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China: Patriotism of Dissent

May 2, 2008

By: Loghman Fattahi
Georgetown Independent

The motto of China's 2008 Olympic Games is "One World, One Dream." This
slogan, according to the Chinese Communist Party, conveys China's
commitment to "peaceful development, a harmonious society and people's
happiness." However, in the words of Amnesty International: "The
[Beijing] Olympic Games have so far failed to act as a catalyst for
reform" in China. The Party monopolizes power and controls the press; it
regulates cultural and religious liberty with "patriotic education,"
indoctrinates China's youth and suppresses political dissent through its
security and military forces. As the Olympic torch journeys on its
130-day route around the world, it acts not as a light of liberty and
democracy, but rather as a blind portrayal of China as a "peaceful" and
"benevolent" 21st century superpower.

Notwithstanding its own promises as well as pleas from the United
Nations, International Olympic Committee, Amnesty International, Human
Rights Watch and Western countries, the Communist Party single-mindedly
perceives all political protest as poisonous to "the people's democratic
dictatorship." The U.N. Human Rights Council announced that it is
"deeply concerned by reports of [Chinese] security forces firing on
protestors and alleged killings" in Tibet. For democracy to advance in
China, it is imperative to depoliticize the Chinese military, which
should preserve the civil rights of Chinese citizens and not the
supremacy of any particular party, including the Party.

As pro-Tibetan protests have grabbed global interest, an equally
important event has received little attention: The incarceration of Hu
Jia, a prominent Chinese civil rights advocate. On March 4th 2008, Hu
Jia received three and a half years of imprisonment for attempting "to
subvert the State's political power and socialist system." With
diplomatic finesse, Secretary of State Condoleezza Rice characterized
the verdict as "deeply disturbing."

An equally "disturbing" issue is the eerie silence of the Chinese people
toward Hu Jia's incarceration, which sharply contrasts their sonorous
protests against Western media "bias" and "Tibetan separatists." Hu Jia
though is not a Tibetan "splittist," but a proponent of peaceful
democratic political reform within China. There are few Chinese who
openly sympathize with Hu Jia's democratic ideals or condemn his
imprisonment. In a population of over one billion people, there has been
no tangible Chinese protest supporting him.

There are a number of reasons for the lack of support for Hu Jia.
Although the Communist Party allows strictly regulated internal protest
against foreign countries, it prohibits protests against its own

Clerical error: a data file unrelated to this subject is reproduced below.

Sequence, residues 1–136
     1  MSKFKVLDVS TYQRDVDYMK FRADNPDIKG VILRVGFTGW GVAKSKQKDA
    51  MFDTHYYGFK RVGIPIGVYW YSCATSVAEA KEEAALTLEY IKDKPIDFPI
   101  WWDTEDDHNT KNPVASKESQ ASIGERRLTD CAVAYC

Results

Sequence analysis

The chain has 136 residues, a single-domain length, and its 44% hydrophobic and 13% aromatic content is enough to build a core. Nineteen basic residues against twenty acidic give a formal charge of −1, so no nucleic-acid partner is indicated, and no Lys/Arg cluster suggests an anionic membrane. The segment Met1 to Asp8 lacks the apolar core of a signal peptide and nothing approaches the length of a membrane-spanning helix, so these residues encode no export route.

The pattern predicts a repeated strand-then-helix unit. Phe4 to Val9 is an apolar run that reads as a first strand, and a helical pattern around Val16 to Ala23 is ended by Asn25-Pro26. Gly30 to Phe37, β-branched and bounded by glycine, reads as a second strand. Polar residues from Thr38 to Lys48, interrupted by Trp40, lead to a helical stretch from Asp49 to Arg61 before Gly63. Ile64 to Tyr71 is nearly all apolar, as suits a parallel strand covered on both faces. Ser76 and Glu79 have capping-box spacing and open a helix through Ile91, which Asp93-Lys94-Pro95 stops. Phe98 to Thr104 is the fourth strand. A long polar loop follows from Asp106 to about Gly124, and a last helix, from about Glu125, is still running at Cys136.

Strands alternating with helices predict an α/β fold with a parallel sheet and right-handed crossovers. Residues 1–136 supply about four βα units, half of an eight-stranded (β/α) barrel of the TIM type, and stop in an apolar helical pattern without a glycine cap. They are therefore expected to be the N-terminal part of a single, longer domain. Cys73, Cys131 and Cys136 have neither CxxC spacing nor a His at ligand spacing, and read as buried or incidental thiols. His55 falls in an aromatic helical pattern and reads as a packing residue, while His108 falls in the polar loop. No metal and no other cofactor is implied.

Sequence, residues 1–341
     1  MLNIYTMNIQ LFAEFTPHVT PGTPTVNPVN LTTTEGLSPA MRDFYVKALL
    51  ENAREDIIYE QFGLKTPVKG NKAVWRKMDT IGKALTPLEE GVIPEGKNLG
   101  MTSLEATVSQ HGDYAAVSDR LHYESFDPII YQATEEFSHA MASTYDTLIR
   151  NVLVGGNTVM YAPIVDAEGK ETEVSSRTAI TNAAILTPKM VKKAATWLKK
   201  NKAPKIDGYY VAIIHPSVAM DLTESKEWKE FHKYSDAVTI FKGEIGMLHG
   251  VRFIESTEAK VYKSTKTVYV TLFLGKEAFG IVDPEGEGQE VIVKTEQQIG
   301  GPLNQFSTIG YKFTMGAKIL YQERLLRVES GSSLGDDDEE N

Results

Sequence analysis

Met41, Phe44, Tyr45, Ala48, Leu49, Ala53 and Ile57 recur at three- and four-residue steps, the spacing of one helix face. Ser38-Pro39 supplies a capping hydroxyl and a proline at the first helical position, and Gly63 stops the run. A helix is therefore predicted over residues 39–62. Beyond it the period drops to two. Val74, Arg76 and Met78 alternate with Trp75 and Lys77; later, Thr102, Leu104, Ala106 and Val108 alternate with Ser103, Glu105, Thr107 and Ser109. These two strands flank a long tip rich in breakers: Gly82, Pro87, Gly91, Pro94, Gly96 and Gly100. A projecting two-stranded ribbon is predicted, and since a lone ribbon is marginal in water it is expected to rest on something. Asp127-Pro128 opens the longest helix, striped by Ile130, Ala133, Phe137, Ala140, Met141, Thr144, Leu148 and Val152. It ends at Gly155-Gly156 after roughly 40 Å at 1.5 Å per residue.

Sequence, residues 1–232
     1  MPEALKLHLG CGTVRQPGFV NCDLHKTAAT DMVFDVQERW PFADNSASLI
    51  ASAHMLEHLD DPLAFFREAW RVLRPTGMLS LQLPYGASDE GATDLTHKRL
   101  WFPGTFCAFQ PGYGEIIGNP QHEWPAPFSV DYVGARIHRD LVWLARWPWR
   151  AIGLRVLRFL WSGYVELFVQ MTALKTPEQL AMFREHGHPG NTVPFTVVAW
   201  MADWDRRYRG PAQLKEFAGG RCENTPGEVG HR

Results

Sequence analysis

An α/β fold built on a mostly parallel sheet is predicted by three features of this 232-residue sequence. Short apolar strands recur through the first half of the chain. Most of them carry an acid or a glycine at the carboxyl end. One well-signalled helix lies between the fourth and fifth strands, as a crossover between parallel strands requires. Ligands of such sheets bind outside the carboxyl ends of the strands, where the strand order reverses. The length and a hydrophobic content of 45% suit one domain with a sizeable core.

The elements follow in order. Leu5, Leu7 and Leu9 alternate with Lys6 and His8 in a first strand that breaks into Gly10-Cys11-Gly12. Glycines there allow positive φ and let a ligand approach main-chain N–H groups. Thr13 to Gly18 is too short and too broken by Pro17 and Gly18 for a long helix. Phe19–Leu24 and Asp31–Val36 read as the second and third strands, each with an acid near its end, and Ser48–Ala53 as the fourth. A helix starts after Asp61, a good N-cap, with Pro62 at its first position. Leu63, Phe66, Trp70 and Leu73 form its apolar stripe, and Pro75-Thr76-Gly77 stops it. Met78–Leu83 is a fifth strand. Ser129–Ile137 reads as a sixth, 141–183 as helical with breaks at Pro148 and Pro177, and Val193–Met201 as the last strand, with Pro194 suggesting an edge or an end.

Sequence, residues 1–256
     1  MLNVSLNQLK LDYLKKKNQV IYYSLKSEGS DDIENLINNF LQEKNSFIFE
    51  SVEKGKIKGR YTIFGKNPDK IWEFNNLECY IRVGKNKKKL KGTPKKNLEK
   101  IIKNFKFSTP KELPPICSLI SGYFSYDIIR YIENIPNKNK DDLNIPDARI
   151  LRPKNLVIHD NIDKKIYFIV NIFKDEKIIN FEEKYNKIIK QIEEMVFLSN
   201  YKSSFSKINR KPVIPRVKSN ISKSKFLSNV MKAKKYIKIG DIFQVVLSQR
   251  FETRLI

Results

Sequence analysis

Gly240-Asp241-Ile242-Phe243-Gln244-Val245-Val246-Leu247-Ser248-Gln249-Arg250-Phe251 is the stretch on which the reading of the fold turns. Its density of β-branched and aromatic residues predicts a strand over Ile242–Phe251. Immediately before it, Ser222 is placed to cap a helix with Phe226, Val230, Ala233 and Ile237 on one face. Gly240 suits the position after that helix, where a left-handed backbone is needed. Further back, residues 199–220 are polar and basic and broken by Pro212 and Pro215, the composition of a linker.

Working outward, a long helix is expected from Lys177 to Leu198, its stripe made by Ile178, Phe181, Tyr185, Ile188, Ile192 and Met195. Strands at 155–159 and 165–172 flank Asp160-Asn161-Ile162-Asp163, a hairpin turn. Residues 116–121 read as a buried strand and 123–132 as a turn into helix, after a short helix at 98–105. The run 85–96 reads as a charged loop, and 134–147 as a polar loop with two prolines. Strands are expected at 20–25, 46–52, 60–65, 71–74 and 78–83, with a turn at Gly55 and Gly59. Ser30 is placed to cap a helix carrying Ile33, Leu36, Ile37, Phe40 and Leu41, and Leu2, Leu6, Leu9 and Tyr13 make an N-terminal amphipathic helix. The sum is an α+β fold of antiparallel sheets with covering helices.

domestic and foreign policies, such as Tibet and Darfur. Unlike other
dictatorships, China's youth are overwhelmingly supportive. The youth's
socio-economic conditions reinforce the Party's attractiveness. China's
youth have witnessed only economic boom; this confers considerable
legitimacy upon the state, thus allowing it to marginalize issues of
civil liberty. Chinese youth have few social opportunities to volunteer,
debate or play sports outside of state-run organizations. And, China's
education system replaces education with indoctrination, presenting the
Party's position as absolute, mathematical truth.

The Communist Party seeks to exploit China's economic growth to minimize
domestic political grievances against it. Improvement in material
conditions, however, will not placate the Chinese people's enduring
political grievances. The failure of its economic strategy in Tibet
manifests the Party's inability to utilize economics to diminish Tibetan
concern for their cultural heritage and political liberties. China's
future economic growth requires a concurrent growth in democracy.

According to analysts, the incarceration of Hu Jia and the suppression
of the Tibetans signify the Communist Party's broader plan to suppress
Chinese dissidents and minorities. This preemptive suppression is meant
to help the Party display a unified and "harmonious" image to the world
during the Olympic Games.

The right to dissent is fundamental to China's future as a dynamic
society. Thus, China needs more Hu Jias, who selflessly expose the
nature of the Communist system. I hope our Chinese friends will share
the democratic sentiment that patriotism and dissent are not mutually
exclusive. Let's hope, in the Olympic spirit of friendship, that China
peacefully evolves into a democracy and that our Chinese friends
recognize the veracity of William Fulbright's axiom: "In a democracy,
dissent is an act of faith."

Fattahi is an Associate Editor and a Regional Studies freshman.
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